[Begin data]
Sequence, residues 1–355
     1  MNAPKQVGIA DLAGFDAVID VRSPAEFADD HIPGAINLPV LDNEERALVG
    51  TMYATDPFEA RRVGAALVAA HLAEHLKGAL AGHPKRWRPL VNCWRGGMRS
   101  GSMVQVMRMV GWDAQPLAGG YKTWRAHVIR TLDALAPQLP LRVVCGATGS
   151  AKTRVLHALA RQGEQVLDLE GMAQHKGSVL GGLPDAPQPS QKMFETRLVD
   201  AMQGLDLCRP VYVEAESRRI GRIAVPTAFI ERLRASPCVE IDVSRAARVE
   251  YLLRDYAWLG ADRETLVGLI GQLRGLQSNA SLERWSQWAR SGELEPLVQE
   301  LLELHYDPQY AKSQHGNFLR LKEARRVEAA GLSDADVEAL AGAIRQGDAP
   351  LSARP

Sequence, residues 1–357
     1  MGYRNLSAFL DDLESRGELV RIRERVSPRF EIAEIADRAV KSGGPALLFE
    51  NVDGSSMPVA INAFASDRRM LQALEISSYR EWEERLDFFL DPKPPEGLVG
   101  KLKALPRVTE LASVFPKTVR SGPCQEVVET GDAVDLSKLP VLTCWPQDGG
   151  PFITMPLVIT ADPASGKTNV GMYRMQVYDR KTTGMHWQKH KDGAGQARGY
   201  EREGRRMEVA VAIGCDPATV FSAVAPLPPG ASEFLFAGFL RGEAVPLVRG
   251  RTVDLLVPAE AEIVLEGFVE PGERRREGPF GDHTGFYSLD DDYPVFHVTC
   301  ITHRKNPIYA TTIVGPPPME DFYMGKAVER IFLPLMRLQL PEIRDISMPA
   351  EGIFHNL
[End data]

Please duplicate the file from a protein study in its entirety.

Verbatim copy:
Sequence, residues 1–355
     1  MNAPKQVGIA DLAGFDAVID VRSPAEFADD HIPGAINLPV LDNEERALVG
    51  TMYATDPFEA RRVGAALVAA HLAEHLKGAL AGHPKRWRPL VNCWRGGMRS
   101  GSMVQVMRMV GWDAQPLAGG YKTWRAHVIR TLDALAPQLP LRVVCGATGS
   151  AKTRVLHALA RQGEQVLDLE GMAQHKGSVL GGLPDAPQPS QKMFETRLVD
   201  AMQGLDLCRP VYVEAESRRI GRIAVPTAFI ERLRASPCVE IDVSRAARVE
   251  YLLRDYAWLG ADRETLVGLI GQLRGLQSNA SLERWSQWAR SGELEPLVQE
   301  LLELHYDPQY AKSQHGNFLR LKEARRVEAA GLSDADVEAL AGAIRQGDAP
   351  LSARP

Sequence, residues 1–357
     1  MGYRNLSAFL DDLESRGELV RIRERVSPRF EIAEIADRAV KSGGPALLFE
    51  NVDGSSMPVA INAFASDRRM LQALEISSYR EWEERLDFFL DPKPPEGLVG
   101  KLKALPRVTE LASVFPKTVR SGPCQEVVET GDAVDLSKLP VLTCWPQDGG
   151  PFITMPLVIT ADPASGKTNV GMYRMQVYDR KTTGMHWQKH KDGAGQARGY
   201  EREGRRMEVA VAIGCDPATV FSAVAPLPPG ASEFLFAGFL RGEAVPLVRG
   251  RTVDLLVPAE AEIVLEGFVE PGERRREGPF GDHTGFYSLD DDYPVFHVTC
   301  ITHRKNPIYA TTIVGPPPME DFYMGKAVER IFLPLMRLQL PEIRDISMPA
   351  EGIFHNL